Today, anyone who grew up in Omaha has memories of the big tan building at 18th and Capitol Street. Though it was a little outdated at the end of its life, it was one of the nation’s premier arena facilities for much of the second half of the 20th century.

The auditorium’s grand opening, which took place on January 2, 1955, generated all kinds of excitement. A six-page spread ran in the Omaha World-Herald on January 1, celebrating the great achievement and advertising all its amenities and the attractions the new auditorium would bring to the city. The Civic Auditorium’s conglomerate design, combining a large arena space for big conventions and sporting events, a smaller exhibition hall for more intimate events, and traditional stage facilities for ballet, opera, and concerts made it a versatile performance space suited to any kind of act. Before the auditorium was officially opened, it was announced that such engagements as the Boston Pops Orchestra, Ballet Russe de Monte Carlo, Grand Ole Opry, and the Shrine Circus had already been booked for the first part of the year.[1] But from the beginning, the auditorium was also meant to house local events – in its first year, the different facilities housed UNMC and Creighton University graduation ceremonies, the All-City High School Music Festival, events hosted by various local church groups, high school basketball tournaments, political meetings, and labor union sessions.

Even though the success of the completed auditorium seemed a given, the project was not without battles and complications. In 1945, the price of construction was originally estimated at $3 million, and the site at $540,000. Omaha voters approved the plans and passed a bond issue for $3,540,000. By 1947, the cost estimate had jumped to $6,698,831 but voters continued to support the project, striking down a 1948 proposal to abolish the Auditorium Commission and approving an additional $2,794,000 bond in 1950. The ongoing Korean War was also cause for some delay – the National Production Authority vetoed Omaha’s requests for steel twice in 1951.[2]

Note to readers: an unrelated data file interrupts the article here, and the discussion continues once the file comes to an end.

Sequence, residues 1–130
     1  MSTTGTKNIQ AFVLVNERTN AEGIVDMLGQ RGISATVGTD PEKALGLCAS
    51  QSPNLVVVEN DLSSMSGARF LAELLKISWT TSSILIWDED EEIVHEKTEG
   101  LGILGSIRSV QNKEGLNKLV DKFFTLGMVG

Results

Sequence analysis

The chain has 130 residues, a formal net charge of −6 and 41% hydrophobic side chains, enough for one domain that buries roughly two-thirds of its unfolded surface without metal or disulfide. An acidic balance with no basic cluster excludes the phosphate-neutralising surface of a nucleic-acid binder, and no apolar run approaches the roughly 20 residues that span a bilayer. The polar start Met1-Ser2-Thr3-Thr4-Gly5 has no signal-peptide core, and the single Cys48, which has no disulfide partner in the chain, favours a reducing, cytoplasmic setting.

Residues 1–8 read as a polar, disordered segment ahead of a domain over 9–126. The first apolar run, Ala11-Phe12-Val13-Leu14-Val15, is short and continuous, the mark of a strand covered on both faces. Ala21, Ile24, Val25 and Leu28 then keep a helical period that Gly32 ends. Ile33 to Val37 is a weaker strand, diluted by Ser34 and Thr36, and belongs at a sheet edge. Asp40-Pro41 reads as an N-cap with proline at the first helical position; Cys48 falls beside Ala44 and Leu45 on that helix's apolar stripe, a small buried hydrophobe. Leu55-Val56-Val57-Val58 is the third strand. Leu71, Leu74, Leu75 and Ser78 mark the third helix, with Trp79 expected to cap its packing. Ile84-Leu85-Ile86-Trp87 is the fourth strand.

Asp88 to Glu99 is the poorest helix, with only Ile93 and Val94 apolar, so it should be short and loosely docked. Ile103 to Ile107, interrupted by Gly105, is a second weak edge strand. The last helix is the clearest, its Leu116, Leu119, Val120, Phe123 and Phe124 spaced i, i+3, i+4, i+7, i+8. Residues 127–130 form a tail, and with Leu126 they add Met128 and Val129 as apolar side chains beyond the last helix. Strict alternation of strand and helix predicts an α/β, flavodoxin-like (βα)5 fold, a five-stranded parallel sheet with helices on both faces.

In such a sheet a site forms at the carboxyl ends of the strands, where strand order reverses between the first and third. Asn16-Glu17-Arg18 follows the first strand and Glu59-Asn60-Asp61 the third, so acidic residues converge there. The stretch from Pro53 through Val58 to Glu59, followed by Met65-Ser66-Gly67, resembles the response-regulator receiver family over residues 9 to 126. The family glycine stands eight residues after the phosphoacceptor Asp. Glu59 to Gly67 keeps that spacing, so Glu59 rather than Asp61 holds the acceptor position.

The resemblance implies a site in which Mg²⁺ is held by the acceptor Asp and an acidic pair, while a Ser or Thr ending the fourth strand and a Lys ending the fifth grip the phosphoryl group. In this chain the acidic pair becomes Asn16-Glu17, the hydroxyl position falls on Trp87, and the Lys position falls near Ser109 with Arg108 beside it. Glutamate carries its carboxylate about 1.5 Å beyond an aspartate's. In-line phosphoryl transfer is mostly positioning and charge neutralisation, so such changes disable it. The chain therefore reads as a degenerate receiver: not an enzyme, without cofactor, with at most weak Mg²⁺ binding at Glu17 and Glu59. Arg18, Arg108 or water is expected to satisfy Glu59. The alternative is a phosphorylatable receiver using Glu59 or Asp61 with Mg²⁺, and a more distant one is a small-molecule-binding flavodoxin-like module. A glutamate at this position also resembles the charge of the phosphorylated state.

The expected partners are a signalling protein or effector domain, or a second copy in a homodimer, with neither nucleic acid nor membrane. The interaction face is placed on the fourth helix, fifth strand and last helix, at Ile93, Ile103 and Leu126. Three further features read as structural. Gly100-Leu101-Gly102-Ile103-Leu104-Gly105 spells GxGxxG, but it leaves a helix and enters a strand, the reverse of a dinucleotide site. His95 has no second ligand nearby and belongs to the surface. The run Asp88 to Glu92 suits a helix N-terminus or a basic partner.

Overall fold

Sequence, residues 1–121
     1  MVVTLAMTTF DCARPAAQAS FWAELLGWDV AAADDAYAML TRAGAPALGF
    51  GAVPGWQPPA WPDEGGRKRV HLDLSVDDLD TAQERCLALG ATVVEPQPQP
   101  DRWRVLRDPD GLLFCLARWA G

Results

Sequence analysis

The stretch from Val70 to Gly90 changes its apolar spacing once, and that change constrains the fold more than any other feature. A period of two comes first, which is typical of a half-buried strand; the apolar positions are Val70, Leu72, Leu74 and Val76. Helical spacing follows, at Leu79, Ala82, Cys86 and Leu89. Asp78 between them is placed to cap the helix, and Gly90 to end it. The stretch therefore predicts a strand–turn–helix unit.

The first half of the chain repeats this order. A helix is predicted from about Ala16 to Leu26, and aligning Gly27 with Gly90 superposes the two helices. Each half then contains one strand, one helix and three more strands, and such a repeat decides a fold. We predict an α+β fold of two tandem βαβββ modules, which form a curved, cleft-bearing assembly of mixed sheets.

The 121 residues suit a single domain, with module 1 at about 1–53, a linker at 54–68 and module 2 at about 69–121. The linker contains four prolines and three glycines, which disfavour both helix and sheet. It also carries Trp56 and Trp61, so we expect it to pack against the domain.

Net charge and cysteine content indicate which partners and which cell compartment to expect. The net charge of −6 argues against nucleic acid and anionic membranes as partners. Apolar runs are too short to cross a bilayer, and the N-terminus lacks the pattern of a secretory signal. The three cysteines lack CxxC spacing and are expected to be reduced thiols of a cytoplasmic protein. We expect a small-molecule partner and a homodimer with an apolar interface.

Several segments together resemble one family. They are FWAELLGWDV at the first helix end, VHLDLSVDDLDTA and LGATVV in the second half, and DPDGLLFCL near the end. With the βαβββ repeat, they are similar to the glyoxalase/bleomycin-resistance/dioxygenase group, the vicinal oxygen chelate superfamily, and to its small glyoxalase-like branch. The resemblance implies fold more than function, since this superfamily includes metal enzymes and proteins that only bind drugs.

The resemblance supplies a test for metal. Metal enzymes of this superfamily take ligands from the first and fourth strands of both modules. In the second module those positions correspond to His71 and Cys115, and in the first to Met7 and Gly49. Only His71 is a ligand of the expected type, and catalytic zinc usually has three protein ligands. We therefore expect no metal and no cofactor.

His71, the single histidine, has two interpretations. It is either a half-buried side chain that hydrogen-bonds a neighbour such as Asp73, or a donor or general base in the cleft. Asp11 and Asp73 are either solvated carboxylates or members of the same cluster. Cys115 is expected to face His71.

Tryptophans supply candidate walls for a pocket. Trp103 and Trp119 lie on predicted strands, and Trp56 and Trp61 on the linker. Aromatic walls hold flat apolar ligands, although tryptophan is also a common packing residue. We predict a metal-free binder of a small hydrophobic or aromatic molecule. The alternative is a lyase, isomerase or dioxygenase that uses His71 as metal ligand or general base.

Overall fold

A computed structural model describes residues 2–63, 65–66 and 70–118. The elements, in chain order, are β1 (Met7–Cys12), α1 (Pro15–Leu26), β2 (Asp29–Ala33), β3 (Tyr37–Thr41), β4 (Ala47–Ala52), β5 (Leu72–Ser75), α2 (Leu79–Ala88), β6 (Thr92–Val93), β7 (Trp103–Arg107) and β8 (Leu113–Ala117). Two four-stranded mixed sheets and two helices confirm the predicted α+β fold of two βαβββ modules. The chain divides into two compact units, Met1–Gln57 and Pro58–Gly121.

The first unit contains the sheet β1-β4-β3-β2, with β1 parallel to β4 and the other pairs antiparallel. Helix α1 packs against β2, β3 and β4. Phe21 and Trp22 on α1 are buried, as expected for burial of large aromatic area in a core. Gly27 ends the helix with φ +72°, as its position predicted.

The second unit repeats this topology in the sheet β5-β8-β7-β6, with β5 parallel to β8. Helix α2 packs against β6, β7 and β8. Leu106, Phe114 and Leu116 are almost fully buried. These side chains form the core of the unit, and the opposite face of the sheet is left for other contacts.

Omaha’s Civic Auditorium Arena Entrance, ca. 1960. Image courtesy of the Douglas County Historical Society.

Over the next 60 years, the building, designed and built by local architecture firm Leo A. Daly and contractor Peter Kiewit, would serve the city well. Historical events of local and national significance took place on the stages of the Civic Auditorium – the Rolling Stones played a 1964 concert to a small crowd of 650 screaming teenagers when they were still largely unknown in the United States; a 1968 speech by polarizing Alabama segregationist George Wallace drew large protests and led to three days of unrest in the city; Omaha’s short-lived NBA team, the Kansas City-Omaha Kings, called the auditorium home from 1972-1975; Elvis Presley played his second-to-last concert there in June 1977.[3]

The auditorium at 18th and Capitol was not the city’s first – its original all-purpose auditorium was designed by John Latenser and constructed in 1901 at 15th and Howard Street. Though beautiful, “the old Auditorium…was never considered adequate. People were asking for a new one before 1920.”[4] Indeed, the new auditorium more than tripled the capacity of the original facility. One 1950 newspaper plug for the upcoming bond issue read: “NO MORE ‘OLD BARN’ – The old auditorium is not a decent place to ask any actors, sports players, or speakers to perform. It is a blight to Omaha. Most of us choose to avoid the old barn rather than go to an event there—attendance records show this…”[5] The so-called “Old Barn” was sold in the early 1950s for $211,000 with profits put to offset the cost of the new structure.[6] It was razed in 1954.

The “Old Barn” at 15th and Howard Street, 1932. Image Courtesy of the Bostwick-Frohardt Collection, Durham Museum Photo Archive.

Cars on display at an auto show in the original Omaha Auditorium, 15th and Howard Street, 1920. Image Courtesy of the Bostwick-Frohardt Collection, Durham Museum Photo Archive.

The Civic Auditorium was razed as well – the building closed in 2014 and was demolished in 2016. The development company that was chosen to redevelop the site, Tetrad Property Group, pulled out of the project in March 2018, and no current plans appear to be public.

[1] Burbach, Chris. “Timeline: Civic Auditorium and Music Hall.” Omaha World-Herald. March 20, 2018.

[2] “Omaha Set for New Entertainment Era.” Omaha World-Herald. January 1, 1955. p. 23.

[3] “Vote ‘YES’ Nov. 7!” Omaha World-Herald. November 6, 1950. p. 9.

[4] “Auditorium Commission Had Many Fights Even Though Project Supported by Voters.” Omaha World-Herald. January 1, 1955. p. 26.

[5] “Music Hall Gets 2 Big Attractions.” Omaha World-Herald. January 1, 1955. p. 23.

[6] “Auditorium Commission Had Many Fights Even Though Project Supported by Voters.” Omaha World-Herald. January 1, 1955. p. 26.

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